Prague, Sept 24 (CTK) – The Czech battle against the refugee quotas was unnecessary, could not be won and should not have been fought at all, Lubos Palata writes in Mlada fronta Dnes (MfD) Thursday, adding that Prague’s reputation in the EU has worsened undeservedly as a result of the dispute.

The Czechs should not have battled against the quotas, or they should not have done so until the bitter end, Palata writes in reaction to the approval of the quotas for refugee redistribution by a majority of EU members, who outvoted the opposing Prague, Bratislava, Budapest and Bucharest.

The reputation of Prague, the quota opponents’ leader, has worsened unrightfully in the eyes of the EU. When the first quotas package was discussed in spring, the Czechs were the only Central European country to offer the voluntary acceptance of more refugees than what the quotas were to impose on them, Palata writes.

The hysteria that has burst out over the quotas in the Czech Republic, and that even intensified after the EU’s approval of the quotas on Tuesday, will for a long time hamper the Czech cabinet’s return to rational pro-European stances, not only on refugees, Palata writes.

It is good that the Czech cabinet of Bohuslav Sobotka (Social Democrats, CSSD) does not want to continue battling against the quotas that bind the Czech Republic to accept nearly 5,000 asylum seekers, Palata writes.

Someone should tell the scared Czech public that Prague actually “won” the dispute in Brussels on Tuesday, because the mandatory quotas were not approved as permanent, and the redistribution of further refugees will be subject to a new vote, Palata writes.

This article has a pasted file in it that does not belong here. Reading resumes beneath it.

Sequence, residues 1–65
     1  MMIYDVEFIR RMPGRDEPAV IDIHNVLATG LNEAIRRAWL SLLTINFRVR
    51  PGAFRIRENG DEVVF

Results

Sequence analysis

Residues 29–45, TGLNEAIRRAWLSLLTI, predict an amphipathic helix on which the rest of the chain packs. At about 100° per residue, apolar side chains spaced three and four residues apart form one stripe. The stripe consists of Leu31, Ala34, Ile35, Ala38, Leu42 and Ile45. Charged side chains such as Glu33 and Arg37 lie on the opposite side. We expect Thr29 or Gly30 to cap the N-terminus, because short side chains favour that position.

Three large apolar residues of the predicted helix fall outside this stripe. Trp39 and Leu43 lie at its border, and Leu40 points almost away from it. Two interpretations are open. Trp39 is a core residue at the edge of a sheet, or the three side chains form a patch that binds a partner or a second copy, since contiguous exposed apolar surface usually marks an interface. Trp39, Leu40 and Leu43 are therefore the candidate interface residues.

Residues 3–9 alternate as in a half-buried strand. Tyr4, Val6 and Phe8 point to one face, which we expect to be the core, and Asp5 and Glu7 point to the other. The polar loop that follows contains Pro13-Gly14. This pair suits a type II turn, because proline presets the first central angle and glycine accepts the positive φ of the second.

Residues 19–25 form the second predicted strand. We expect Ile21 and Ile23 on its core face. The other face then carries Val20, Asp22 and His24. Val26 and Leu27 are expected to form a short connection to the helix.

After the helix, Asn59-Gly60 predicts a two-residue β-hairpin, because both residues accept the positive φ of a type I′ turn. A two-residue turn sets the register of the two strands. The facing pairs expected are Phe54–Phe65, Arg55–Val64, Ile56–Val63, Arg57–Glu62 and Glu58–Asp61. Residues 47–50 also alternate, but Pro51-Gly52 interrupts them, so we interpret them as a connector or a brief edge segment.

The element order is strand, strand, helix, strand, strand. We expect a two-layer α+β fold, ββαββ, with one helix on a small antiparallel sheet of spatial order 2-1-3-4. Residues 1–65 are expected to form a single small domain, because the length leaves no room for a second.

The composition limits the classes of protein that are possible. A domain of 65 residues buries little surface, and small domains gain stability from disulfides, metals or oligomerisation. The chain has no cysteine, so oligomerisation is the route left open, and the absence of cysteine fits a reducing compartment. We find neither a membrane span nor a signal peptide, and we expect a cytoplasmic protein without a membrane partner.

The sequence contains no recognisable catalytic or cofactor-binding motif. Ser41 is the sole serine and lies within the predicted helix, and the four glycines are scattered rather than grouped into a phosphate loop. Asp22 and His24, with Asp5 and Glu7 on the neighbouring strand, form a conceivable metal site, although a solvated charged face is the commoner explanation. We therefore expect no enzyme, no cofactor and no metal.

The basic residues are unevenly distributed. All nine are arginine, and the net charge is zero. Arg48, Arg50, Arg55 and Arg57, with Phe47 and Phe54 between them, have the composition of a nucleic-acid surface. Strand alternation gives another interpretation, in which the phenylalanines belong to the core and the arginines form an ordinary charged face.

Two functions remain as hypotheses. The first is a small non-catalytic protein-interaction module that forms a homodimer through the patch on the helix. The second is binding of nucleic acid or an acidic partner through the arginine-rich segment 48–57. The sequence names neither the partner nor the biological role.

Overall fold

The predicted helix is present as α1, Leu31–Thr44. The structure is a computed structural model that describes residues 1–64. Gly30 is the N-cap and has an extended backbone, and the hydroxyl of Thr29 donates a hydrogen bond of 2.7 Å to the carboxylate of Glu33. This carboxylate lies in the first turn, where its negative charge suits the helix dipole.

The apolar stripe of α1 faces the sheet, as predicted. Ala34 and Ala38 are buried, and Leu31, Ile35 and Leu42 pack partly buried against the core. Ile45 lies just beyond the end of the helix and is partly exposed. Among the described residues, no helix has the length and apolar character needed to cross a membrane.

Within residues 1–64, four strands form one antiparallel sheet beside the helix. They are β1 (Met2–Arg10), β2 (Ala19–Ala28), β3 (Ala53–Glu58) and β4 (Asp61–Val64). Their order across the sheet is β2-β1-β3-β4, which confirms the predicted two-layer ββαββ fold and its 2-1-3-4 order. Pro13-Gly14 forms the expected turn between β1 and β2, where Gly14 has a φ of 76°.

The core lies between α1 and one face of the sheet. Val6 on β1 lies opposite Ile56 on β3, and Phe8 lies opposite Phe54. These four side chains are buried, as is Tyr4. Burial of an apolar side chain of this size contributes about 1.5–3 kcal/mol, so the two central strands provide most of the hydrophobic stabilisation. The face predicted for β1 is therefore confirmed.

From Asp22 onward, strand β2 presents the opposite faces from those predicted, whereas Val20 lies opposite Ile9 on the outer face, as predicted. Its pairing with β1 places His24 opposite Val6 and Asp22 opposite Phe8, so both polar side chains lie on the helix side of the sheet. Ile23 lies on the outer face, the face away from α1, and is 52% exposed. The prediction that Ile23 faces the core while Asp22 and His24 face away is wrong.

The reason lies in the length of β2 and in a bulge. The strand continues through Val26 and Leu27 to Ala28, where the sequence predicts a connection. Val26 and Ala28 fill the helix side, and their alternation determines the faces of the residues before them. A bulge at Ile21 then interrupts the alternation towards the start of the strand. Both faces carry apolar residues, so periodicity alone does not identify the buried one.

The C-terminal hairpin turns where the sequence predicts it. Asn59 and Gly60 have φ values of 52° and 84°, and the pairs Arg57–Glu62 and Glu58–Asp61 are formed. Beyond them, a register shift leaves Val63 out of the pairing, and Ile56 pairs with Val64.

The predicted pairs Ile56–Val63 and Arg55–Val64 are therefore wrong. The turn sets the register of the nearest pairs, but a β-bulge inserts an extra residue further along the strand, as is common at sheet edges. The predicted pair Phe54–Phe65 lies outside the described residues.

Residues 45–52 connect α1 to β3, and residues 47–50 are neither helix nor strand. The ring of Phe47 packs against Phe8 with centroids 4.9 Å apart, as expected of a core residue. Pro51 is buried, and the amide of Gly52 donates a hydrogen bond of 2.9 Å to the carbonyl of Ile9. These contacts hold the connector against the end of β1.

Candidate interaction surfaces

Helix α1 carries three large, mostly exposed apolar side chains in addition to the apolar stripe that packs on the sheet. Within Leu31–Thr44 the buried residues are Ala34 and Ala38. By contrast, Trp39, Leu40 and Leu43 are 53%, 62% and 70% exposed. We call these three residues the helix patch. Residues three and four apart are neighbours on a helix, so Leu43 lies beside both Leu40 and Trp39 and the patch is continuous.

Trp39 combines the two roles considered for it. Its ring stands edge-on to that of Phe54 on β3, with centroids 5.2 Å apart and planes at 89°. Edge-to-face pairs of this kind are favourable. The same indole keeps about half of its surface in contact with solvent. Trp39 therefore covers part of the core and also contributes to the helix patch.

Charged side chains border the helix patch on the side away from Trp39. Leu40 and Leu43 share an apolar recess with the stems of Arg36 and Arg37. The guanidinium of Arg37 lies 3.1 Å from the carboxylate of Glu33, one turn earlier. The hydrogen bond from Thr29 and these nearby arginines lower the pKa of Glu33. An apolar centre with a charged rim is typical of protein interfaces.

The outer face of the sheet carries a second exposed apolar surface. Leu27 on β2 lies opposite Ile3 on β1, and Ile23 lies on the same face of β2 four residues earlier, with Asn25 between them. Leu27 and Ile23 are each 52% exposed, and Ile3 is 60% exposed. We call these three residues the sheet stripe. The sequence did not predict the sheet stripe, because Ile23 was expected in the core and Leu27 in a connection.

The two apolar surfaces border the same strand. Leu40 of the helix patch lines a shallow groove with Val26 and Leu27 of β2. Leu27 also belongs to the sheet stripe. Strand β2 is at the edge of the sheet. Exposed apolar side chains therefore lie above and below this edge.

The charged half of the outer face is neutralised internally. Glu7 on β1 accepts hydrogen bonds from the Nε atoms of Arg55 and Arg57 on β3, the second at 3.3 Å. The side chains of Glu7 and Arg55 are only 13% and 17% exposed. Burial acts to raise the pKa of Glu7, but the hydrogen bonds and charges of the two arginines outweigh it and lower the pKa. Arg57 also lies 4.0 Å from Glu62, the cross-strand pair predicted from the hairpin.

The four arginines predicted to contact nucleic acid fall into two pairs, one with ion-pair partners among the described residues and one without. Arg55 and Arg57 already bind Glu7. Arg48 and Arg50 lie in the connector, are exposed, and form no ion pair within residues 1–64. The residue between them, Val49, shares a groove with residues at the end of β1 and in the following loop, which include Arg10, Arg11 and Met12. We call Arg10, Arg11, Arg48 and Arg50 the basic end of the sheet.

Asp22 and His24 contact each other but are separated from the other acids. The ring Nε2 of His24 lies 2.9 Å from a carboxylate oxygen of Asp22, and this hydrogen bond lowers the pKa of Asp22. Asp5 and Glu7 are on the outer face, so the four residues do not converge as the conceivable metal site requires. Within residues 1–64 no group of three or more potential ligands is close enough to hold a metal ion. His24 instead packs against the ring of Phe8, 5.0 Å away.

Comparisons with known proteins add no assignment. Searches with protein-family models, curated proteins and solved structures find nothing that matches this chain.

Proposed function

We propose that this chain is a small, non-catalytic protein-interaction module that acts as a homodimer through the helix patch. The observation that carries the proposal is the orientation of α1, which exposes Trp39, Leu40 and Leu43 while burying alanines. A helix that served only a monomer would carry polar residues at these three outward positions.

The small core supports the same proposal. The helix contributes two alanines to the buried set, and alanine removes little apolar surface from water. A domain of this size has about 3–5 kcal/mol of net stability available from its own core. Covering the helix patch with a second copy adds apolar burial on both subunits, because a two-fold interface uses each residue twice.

Someone should also explain to Czech people that the quotas have not been initiated by Germany and other EU states in an effort to get rid of refugees. Their chief goal is to force Italy, and mainly Greece, to start fulfilling their role of Schengen border countries and registering the incoming migrants properly, Palata writes.

In the past months, which have elapsed since the spring rejection of the EC’s first quotas package, Rome and mainly Athens have been letting the inflowing refugees proceed further inland the EU without taking the least efforts at their registration. They have done so out of fear that hundreds of thousands of migrants could get stuck in Italy and Greece, Palata says.

Of course, the adoption of the quotas will not guarantee that the Greeks and Italians will start fulfilling their commitments. Nevertheless, the quotas are a necessary condition for the two countries to start doing so, Palata writes,

Further steps aimed to stem the inflow of migrants or slow it down at least were discussed by the European Council summit last night, which, fortunately, did not have to deal with the quotas any more, Palata writes.

As a result of its vehement opposition to the quotas, the Czech Republic has become a part of a strange group of countries dominated by Hungarian Prime Minister Viktor Orban, Palata continues.

The Czech Republic, which signed a strategic partnership agreement with Germany a couple of months ago, should consider the situation it finds itself in. If the Czechs want to belong to Western Europe rather than the Balkans, they should consider what they did wrong in the past weeks, Palata concludes.